A stress-tolerant yeast was isolated from honey using acid hydrolysate generated from sequential acid-/alkali-pretreatment of empty palm fruit bunch fiber (EPFBF). The isolated yeast was identified molecularly, taxonomically, and morphologically as Candida tropicalis YHJ1, and analyzed for application in xylitol production. The isolated yeast showed stress tolerance toward various chemical reagents and could grow with up to 600 g/L xylose in the culture medium. This yeast also had a broad carbohydrate utilization spectrum, and its xylitol yield was greatest in medium supplemented with xylose as the sole carbon source. In batch fermentation for xylitol production, the yeast could convert xylose prepared from acidic EPFBF pretreatment wastewater into xylitol. Interestingly, C. tropicalis YHJ1 xylose reductase, containing a Ser279 residue, exhibited more effective xylitol conversion compared to orthologous Candida enzymes containing Leu279 or Asn279; this improvement was associated with NADPH binding, as predicted through homologous structure modeling and enzyme kinetic analysis. Taken together, these results show a novel stress-tolerant yeast strain that may be applicable to xylitol production from toxic lignocellulosic byproducts.
... In addition, external factors, such as thermal effects and storage conditions, have a great influence on the composition of honey collected and prepared for storage, as well as the products of its processing [8,9,10] . Despite its high beneficial properties, the high content of chemicals such as heavy metals, alkaloids (even in minimal quantities), as well as 5-hydroxymethylfurfural (HMF) make honey and its products practically unsuitable for human consumption [11,12] . Therefore, the Codex Alimentarius Commission set the maximum limit for HMF honey at 40 mg/kg (with a higher limit of 80 mg/kg for honey originating from tropical regions) to ensure that the product is not subjected to intense heat during processing and is safe for consumption [13] . ...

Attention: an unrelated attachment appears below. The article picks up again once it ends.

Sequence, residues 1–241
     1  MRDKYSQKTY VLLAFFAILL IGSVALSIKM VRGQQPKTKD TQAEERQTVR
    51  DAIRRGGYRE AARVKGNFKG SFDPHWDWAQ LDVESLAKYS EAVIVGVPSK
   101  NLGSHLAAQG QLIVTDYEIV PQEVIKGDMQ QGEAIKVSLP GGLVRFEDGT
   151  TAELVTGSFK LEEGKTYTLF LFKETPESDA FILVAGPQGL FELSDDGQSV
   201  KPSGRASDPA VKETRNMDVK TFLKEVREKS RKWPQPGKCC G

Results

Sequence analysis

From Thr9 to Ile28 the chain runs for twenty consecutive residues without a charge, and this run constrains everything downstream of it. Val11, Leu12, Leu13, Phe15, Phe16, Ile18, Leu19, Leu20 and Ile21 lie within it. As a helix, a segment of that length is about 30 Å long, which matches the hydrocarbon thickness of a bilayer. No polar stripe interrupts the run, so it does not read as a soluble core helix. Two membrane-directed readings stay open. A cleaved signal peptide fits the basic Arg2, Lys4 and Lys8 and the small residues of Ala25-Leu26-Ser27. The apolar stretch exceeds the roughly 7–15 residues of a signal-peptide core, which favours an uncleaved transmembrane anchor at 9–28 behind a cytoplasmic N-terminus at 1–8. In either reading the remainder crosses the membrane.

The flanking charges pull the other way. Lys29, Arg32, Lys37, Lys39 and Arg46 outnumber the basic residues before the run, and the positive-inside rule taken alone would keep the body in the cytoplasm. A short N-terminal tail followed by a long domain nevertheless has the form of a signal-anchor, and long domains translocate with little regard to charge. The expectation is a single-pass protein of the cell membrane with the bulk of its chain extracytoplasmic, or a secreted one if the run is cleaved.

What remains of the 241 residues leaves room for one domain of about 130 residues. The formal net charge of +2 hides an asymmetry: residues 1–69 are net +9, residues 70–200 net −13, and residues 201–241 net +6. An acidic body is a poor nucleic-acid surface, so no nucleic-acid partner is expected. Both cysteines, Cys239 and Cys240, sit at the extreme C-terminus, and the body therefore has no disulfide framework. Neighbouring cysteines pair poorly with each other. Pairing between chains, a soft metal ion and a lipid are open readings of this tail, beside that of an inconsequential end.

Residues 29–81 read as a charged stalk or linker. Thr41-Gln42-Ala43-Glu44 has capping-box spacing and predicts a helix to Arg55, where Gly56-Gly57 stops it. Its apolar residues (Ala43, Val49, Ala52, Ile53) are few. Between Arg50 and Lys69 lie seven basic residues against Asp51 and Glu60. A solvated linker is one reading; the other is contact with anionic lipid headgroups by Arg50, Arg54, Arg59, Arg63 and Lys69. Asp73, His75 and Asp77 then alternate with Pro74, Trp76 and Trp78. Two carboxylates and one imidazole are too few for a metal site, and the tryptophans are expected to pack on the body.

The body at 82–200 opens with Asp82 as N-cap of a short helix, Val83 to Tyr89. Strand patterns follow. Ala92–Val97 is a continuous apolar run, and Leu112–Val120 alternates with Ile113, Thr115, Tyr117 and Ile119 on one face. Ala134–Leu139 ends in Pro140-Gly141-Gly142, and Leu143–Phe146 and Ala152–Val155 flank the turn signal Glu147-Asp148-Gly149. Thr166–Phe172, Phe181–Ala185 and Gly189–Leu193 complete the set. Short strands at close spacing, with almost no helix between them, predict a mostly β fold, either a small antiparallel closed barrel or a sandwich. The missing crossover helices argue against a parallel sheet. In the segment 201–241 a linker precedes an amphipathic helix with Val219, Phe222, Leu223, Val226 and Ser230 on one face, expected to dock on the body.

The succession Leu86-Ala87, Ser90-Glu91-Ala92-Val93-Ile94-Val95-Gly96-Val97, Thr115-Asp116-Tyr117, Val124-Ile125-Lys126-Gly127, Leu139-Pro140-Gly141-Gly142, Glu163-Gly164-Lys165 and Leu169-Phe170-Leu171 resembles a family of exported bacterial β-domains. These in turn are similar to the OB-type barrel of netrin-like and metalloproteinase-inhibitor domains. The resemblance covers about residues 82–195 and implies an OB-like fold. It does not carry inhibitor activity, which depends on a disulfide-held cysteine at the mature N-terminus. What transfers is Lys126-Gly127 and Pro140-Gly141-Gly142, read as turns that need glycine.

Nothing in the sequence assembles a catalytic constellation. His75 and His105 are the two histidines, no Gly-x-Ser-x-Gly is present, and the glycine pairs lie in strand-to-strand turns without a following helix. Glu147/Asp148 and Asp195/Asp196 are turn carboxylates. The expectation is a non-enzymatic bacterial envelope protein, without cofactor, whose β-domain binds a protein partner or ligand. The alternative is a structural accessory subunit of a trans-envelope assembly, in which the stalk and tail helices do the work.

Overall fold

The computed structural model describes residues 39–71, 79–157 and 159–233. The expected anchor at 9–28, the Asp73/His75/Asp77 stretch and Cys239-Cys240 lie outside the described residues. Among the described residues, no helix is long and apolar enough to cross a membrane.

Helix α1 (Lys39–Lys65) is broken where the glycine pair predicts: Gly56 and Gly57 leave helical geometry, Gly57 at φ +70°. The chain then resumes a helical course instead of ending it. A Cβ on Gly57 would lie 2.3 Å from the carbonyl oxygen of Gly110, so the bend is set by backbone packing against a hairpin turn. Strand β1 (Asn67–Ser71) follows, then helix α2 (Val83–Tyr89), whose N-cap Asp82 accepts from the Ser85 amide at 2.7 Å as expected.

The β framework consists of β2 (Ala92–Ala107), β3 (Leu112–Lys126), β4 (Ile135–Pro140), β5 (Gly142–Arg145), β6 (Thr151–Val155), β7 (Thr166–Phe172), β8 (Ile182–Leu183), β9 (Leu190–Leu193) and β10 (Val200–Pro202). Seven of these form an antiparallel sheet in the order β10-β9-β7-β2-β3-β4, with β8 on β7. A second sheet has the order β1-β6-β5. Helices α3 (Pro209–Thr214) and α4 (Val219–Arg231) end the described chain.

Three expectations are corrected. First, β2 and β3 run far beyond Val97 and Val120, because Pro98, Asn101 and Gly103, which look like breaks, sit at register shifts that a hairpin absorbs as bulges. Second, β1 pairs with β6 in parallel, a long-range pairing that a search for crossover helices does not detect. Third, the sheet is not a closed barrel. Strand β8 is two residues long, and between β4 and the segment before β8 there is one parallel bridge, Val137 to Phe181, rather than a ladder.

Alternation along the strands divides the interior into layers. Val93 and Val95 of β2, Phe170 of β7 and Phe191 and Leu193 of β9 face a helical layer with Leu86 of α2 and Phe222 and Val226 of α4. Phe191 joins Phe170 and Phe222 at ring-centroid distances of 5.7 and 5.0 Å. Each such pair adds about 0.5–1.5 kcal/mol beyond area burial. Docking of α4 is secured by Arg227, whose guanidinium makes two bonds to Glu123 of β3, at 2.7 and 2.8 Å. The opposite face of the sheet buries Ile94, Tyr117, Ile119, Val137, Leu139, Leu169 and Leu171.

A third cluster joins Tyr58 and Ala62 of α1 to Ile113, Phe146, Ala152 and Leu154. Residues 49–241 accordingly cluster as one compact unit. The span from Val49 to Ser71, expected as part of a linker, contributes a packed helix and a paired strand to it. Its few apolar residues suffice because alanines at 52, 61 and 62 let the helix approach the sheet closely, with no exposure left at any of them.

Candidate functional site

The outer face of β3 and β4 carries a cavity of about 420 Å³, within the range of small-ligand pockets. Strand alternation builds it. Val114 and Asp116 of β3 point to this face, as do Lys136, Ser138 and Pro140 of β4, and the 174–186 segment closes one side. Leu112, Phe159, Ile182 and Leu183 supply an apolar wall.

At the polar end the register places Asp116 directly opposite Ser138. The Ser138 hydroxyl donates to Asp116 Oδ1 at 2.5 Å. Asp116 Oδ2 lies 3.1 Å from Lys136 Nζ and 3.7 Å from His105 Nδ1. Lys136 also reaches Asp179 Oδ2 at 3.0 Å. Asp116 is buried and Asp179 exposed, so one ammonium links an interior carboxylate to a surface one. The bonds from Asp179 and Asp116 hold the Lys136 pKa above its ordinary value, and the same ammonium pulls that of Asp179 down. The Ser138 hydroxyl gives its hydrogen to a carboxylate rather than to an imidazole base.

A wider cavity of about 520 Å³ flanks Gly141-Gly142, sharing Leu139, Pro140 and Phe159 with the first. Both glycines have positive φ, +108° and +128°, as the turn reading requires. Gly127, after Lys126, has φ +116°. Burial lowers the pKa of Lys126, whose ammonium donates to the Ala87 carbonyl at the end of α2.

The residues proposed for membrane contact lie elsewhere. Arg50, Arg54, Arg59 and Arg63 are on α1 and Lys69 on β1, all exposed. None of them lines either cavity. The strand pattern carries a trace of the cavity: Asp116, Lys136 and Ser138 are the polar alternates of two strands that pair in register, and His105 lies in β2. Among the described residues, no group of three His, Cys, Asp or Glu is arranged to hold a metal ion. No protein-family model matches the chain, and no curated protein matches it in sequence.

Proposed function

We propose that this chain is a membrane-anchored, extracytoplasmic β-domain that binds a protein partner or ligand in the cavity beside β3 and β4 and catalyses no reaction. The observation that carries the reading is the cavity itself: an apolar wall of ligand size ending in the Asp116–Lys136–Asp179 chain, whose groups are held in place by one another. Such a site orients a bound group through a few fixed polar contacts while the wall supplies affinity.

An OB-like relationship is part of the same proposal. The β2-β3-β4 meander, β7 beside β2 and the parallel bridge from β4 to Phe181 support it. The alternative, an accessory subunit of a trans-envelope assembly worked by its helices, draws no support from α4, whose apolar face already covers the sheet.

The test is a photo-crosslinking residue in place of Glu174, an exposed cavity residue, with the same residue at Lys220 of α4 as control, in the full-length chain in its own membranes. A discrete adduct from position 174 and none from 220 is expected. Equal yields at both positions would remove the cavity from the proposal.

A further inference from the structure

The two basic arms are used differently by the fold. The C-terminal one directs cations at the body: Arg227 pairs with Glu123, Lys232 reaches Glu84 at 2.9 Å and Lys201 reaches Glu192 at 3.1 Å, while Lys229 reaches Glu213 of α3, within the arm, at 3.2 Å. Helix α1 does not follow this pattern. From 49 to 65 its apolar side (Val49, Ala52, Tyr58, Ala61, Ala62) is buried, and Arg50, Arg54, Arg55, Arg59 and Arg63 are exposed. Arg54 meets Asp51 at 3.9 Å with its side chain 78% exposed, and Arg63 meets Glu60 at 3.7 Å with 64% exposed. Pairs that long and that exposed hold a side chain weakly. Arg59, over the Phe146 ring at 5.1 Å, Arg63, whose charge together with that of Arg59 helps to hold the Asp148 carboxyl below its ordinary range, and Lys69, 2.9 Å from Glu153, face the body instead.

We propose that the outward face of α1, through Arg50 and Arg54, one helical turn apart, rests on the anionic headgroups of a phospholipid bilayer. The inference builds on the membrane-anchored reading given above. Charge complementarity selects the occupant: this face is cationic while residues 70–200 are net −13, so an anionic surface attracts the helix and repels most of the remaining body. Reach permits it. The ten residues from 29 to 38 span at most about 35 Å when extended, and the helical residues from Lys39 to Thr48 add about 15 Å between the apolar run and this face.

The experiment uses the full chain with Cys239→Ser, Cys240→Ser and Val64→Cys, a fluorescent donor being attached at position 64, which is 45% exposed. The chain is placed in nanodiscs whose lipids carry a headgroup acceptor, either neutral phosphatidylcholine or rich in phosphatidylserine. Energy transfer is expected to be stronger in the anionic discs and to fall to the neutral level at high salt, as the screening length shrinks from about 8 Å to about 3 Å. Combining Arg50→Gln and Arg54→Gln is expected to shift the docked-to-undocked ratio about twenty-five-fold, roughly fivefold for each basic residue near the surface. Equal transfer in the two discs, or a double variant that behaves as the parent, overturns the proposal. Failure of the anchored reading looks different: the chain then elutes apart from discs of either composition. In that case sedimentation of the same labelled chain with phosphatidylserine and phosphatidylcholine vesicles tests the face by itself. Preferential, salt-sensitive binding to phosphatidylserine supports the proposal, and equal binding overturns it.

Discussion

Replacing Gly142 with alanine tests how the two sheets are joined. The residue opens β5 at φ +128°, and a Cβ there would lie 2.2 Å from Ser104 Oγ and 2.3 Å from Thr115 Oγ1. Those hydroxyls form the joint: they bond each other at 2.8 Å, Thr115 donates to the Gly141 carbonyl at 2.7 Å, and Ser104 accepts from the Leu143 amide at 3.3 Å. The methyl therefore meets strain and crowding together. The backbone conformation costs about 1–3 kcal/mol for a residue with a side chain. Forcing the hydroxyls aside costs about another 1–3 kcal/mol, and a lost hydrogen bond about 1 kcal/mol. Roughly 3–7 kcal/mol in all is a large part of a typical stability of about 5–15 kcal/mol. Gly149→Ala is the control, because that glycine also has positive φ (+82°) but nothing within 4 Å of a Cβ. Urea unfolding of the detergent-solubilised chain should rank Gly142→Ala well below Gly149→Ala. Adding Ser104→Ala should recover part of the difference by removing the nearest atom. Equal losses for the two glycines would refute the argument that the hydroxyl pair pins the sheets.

... Honey is considered both nutritional and medicinal, although the presence of certain constituents, for example, HMF, citric acid, heavy metals (even in trace amounts), some alkaloids may contribute to honey's toxicity. [17] ...
Article